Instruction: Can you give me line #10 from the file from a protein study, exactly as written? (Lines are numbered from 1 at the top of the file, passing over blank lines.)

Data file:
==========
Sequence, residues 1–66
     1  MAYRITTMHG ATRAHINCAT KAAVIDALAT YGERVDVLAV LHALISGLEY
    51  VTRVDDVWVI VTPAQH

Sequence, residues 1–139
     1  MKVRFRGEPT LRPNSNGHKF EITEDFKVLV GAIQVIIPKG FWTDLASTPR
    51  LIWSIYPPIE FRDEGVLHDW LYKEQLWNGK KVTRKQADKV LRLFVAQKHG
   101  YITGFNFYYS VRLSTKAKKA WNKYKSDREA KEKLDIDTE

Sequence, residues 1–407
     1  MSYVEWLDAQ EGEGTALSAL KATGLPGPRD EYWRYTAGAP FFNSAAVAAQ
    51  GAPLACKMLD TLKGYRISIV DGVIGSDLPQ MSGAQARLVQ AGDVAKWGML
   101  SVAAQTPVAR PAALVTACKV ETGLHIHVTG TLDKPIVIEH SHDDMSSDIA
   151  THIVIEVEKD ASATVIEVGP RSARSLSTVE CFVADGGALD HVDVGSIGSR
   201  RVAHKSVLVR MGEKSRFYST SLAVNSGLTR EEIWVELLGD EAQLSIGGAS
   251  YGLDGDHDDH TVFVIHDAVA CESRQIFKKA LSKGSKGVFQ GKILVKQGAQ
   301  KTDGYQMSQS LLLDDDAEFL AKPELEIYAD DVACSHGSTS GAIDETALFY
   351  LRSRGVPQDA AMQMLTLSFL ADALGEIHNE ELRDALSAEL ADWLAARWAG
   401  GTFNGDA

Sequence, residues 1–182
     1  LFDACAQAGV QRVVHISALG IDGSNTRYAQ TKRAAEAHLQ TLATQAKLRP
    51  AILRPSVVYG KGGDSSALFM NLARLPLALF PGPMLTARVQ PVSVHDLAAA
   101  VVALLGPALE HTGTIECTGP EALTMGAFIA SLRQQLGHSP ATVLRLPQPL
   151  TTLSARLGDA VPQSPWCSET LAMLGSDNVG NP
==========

    51  GAPLACKMLD TLKGYRISIV DGVIGSDLPQ MSGAQARLVQ AGDVAKWGML